Our second AGE Barometer looks at social inclusion, health, long-term care and autonomy in later life
Discrimination, exclusion, loneliness, digital divide, elder abuse or neglect… the pandemic has shed light on issues which were already at stake for older people before the spread of the virus. This has been confirmed by the findings of our second AGE Barometer assessing the situation of older people across 9 EU countries.
The recent months have shown how digitalisation can act as an additional barrier to social inclusion; how a lack of investment in long-term care undermines its quality and universal access; and how lockdown and physical distancing measures can ultimately lead to neglect and elder abuse. The 2020 edition of our AGE Barometer contains key information helping to better understand how COVID-19 has worsened the dire situations many older people already experienced before the pandemic. It is based on information from AGE member organisations and available EU data.
It covers nine countries, namely Belgium (Flanders), Cyprus, Czechia, France, Germany, Greece, Portugal, Spain and Slovenia. It is dedicated to: anti-discrimination, social inclusion, health and prevention, disability and autonomy, long-term care and, elder abuse.
How are inclusion, health, autonomy and dignity challenged in old age?
Reports from participating countries clearly show that internet access and the use of social media, the financial situation, the geographical area, the presence of friends and relatives determine social inclusion in older age. It is also greatly influenced by the overall narrative which tends to overlook older people and their contribution to society. A narrative that has been reinforced by the overall stigmatizing communication around the pandemic.
The geographical location and financial resources are also barriers to access proper health care and long-term care. Health inequalities in older age are important and often very much dependent on the socioeconomic status. Rehabilitation and health prevention are not enough promoted. Informal care is mostly voluntary and needs more support, in particular considering the increased demand for domestic care.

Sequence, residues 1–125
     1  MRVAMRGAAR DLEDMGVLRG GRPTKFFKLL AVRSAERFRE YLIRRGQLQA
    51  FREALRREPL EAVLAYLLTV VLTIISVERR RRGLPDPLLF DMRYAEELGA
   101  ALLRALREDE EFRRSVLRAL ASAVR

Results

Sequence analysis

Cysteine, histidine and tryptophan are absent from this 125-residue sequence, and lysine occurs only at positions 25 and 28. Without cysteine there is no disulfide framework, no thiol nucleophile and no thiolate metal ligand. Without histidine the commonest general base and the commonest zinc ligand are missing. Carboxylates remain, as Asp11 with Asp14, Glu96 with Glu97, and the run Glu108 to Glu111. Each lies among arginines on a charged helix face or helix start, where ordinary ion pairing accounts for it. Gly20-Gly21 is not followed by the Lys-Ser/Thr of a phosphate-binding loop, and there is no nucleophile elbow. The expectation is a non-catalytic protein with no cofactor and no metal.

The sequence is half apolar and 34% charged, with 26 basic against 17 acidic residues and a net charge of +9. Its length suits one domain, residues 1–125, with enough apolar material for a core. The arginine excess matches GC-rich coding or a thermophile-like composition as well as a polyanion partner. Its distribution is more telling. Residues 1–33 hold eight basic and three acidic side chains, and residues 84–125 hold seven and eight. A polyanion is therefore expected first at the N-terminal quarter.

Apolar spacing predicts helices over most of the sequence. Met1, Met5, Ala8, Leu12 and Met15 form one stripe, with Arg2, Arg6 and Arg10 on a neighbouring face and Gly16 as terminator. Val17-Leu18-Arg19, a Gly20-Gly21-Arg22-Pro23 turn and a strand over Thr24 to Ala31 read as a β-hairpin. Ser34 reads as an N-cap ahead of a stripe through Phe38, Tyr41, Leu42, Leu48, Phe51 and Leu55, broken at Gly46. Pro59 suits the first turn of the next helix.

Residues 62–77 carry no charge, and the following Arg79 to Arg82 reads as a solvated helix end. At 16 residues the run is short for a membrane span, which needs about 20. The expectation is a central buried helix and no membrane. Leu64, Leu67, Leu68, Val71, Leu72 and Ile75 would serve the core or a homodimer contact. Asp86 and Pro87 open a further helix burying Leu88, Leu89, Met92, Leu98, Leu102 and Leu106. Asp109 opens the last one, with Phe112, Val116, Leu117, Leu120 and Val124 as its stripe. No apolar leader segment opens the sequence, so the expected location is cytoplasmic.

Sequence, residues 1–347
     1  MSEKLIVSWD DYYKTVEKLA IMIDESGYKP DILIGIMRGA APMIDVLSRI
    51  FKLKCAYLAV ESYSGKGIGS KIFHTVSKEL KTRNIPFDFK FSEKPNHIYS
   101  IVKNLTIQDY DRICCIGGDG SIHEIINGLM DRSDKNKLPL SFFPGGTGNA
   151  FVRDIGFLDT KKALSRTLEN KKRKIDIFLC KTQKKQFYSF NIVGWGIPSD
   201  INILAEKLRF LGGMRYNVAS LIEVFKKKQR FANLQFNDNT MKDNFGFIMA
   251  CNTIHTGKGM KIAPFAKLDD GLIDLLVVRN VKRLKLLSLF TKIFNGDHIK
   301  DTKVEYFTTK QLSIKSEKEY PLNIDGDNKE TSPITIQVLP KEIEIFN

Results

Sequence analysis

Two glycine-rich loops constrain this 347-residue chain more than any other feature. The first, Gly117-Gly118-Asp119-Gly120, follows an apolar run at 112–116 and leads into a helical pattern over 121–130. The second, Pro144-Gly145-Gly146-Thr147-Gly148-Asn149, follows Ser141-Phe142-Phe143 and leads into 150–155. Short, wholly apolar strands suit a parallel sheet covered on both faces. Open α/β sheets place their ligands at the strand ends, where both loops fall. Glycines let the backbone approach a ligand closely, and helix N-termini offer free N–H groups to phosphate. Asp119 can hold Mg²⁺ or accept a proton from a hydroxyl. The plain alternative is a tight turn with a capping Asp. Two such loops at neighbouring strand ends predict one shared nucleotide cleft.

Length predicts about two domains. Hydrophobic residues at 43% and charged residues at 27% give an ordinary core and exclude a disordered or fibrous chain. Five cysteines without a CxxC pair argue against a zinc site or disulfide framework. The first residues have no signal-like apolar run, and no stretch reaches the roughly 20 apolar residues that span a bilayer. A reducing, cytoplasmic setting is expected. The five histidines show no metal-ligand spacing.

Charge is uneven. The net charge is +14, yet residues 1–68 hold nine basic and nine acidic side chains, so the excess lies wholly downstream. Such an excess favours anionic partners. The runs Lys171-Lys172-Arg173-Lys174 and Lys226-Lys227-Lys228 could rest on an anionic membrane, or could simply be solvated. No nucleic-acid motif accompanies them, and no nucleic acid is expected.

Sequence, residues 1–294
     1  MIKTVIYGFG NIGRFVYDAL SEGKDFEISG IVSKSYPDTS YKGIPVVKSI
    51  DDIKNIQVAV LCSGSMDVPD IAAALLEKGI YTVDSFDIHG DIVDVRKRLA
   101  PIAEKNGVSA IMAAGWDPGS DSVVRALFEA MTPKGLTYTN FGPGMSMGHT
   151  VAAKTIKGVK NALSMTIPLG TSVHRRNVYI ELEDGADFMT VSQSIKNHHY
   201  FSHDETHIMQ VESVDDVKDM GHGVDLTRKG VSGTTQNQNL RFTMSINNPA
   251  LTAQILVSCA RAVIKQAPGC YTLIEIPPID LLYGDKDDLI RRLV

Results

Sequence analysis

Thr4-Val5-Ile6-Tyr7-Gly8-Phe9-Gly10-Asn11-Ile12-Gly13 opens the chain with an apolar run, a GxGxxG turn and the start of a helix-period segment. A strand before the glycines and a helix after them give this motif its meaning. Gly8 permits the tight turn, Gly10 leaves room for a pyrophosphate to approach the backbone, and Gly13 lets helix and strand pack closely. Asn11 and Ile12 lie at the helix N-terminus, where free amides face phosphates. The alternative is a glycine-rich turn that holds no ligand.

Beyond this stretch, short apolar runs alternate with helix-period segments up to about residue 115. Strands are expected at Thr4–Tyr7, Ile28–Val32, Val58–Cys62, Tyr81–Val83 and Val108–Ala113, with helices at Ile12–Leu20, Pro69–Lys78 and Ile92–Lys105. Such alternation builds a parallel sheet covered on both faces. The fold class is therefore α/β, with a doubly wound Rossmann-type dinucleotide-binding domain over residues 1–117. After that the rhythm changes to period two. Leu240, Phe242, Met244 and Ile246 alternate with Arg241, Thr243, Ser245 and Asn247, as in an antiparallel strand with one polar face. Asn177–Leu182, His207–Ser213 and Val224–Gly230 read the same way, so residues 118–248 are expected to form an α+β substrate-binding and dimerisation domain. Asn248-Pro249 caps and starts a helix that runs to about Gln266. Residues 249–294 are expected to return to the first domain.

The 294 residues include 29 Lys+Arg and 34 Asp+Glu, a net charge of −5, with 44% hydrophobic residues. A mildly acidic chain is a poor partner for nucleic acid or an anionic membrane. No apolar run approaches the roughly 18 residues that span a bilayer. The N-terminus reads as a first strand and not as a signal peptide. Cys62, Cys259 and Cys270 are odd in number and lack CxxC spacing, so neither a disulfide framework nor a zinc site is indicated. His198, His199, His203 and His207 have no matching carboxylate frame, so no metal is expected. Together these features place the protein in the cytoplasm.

As for elder abuse, although it has gained visibility during COVID, the issue remains widely underestimated, and too often older people do not dare to report due to their situation of dependency and a lack of support. Accessibility to victim support networks for older victims is largely determined by the person’s own condition.
As our Barometer also reports, older people facing multiple discrimination experience accumulated effects of stigmas and discrimination. This undermines even more their inclusion, autonomy and access to health and care. Our special focus helps to better understand the specific situation of older Roma and older LGBTI people.
Impact of the COVID-19 outbreak
The preparation of this 2020 edition which started in Autumn 2019 has been perceptibly impacted by the COVID-19 outbreak. The pandemic was clearly reflected in the input shared by participating AGE members. This Barometer can therefore be read together with the other two major documents published by AGE in relation to the pandemic and in which AGE members have been actively involved:
- Report on “COVID-19 and the human rights of older persons” (18 May 2020) which is based on input and testimonies shared by AGE members.
- Working document on “Recovery from the COVID-19 crisis: do not repeat the errors of the 2008 Great Depression” (2 June 2020) which addressed to the European Union the recommendations on the socio-economic measures to be deployed in the aftermath of the pandemic’s outbreak.
Our recommendations in this key political momentum
The Barometer also comes into a key political momentum following the EU Council conclusions dedicated to the rights of older persons in the era of digitalisation adopted in October 2020, the forthcoming Green Paper on Ageing and Action Plan on the European Pillar of Social Rights. Based on a cross-cutting analysis of the Barometer, we have drawn several recommendations, notably to continue influencing these processes:
- Fill the missing data gap:
- Improve disaggregated data collection on ageing issues by institutions of reference at EU level.
- Ensure proper participation of older persons to improve the quality of the collected data.
- Close the digital divide:
- Invest into digital skills and life-long learning for all.
- Maintain quality alternative solutions to digitalised services.
- Ensure a proper implementation of EU legislation strengthening accessibility.
- Make health and long-term care systems truly resilient:
- Invest in health promotion, disease prevention and quality long-term care.
- Use the Action Plan on the European Pillar of Social Rights as a lever to put forward an EU legislative initiative in the field of care.
- Reinforce synergies across governance levels, from the global to the local level, to strive alignment of political initiatives and implementation measures for a true universal health coverage, leaving no one behind.
The AGE Barometer complements our recent contribution to the implementation of the European Pillar of Social Rights and its 20 “principles” (rights). Our submission reflects the perspectives of older people and how the Pillar should contribute to addressing existing challenges. It focuses on the rights to long-term care and to old-age income.